Australian Open to get ‘real-time’ hand, foot and mouth virus vaccinations

The Australian Open tennis championships is to be fully vaccinated against a range of diseases after the tournament organisers were warned about a ‘growing epidemic’ of hand, foot and mouth disease at the event…

Australian Open to get 'real-time' hand, foot and mouth virus vaccinations

The Australian Open tennis championships is to be fully vaccinated against a range of diseases after the tournament organisers were warned about a ‘growing epidemic’ of hand, foot and mouth disease at the event last year.

The most recent outbreak of hand, foot and mouth disease caused much concern at the Australian Open at Melbourne Park in 2017 and finished just before the start of the tournament.

Excluding anomalies, 48 players were withdrawn as a result of the illness and since the organisers receive their annual vaccination, the Championships now provide vaccination on arrival at Melbourne Park, meaning all players will be fully protected against it.

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The Tennis Australia medical officer, Dr Peter Gray, said the move was made for “pure health reasons”.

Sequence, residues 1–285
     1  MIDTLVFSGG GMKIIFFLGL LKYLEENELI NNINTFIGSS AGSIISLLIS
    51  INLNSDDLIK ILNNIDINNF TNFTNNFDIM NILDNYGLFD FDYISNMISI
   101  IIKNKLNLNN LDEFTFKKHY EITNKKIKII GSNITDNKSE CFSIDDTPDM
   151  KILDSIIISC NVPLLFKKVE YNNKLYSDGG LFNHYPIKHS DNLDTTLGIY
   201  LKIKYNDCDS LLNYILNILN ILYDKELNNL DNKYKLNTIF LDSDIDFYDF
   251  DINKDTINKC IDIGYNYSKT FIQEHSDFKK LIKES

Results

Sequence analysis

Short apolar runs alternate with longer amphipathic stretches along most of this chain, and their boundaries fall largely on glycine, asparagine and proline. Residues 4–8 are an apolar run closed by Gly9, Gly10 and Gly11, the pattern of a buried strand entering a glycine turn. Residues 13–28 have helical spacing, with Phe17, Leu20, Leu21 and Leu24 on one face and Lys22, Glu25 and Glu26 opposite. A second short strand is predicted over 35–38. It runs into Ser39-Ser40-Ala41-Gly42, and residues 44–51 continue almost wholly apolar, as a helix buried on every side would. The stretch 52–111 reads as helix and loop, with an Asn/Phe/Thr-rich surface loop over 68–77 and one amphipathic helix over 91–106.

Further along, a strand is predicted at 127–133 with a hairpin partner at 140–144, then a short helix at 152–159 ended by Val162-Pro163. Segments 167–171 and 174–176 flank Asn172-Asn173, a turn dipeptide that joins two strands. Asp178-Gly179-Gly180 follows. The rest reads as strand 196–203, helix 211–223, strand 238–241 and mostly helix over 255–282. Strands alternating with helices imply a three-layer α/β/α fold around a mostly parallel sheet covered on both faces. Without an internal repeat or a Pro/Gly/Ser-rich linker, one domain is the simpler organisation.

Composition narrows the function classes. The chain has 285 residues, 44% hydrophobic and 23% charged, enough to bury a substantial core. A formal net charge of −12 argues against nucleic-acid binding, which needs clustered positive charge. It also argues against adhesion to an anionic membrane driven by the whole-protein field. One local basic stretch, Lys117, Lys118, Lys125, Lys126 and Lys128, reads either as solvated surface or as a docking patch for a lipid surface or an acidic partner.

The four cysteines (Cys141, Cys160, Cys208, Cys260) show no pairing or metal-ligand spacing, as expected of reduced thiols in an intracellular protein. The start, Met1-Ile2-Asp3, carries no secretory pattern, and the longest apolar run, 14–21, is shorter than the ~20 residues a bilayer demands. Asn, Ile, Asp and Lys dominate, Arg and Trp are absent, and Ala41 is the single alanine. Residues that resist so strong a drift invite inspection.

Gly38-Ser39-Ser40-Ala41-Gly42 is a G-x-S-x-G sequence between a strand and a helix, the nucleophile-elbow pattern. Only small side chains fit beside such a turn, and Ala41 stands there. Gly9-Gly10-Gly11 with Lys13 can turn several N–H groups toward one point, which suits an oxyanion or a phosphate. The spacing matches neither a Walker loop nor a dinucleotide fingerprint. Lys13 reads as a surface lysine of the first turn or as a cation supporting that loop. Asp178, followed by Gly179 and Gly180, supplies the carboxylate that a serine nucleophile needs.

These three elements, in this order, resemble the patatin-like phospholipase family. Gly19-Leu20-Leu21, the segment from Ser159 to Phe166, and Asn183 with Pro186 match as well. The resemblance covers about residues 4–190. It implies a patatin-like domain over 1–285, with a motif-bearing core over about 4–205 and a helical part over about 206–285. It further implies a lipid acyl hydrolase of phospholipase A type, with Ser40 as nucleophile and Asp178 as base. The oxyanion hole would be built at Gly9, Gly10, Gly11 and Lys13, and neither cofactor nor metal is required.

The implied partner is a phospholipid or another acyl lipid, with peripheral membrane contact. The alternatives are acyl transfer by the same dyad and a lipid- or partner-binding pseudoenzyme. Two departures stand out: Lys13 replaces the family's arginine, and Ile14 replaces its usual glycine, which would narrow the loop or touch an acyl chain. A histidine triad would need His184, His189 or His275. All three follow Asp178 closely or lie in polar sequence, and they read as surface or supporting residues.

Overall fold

“It’s very hard to envisage us moving down the road where we’re forced to do it at any event, particularly a tournament of the calibre of the Australian Open,” he said.

“We’re very conscious that the players have a great number of contact and interaction during the course of the tournament. They’ve often traveled on long distances with their families, partners and so on.

“At the end of the day it’s a risk management option for us. It ensures that the athletes, other people at the venue and the wider population is protected, and in the event that this would occur here, they would be protected.”

Gray said the tennis authorities had previously consulted with the Public Health Association of Australia, with all players receiving vaccinations prior to the tournament start last year.

Players are only allowed to apply for and provide the required documentation in 2016 and 2017 due to the “volatile” nature of the virus.

“It’s a one-in-100 year virus and at the moment it hasn’t actually got out of containment in Australia,” Gray said. “So it’s safe to carry out the vaccinations as it is.”

In the wake of the outbreak, tournament director Craig Tiley said the matter was not the first time Melbourne Park has been hit by such an outbreak.

“Unfortunately, in recent years we’ve had issues with hand, foot and mouth disease in several years, and the centre of it is within the grounds where we play our tennis,” he said.

“It was a concern to us and everyone else because it happened so close to the start of the tennis.”

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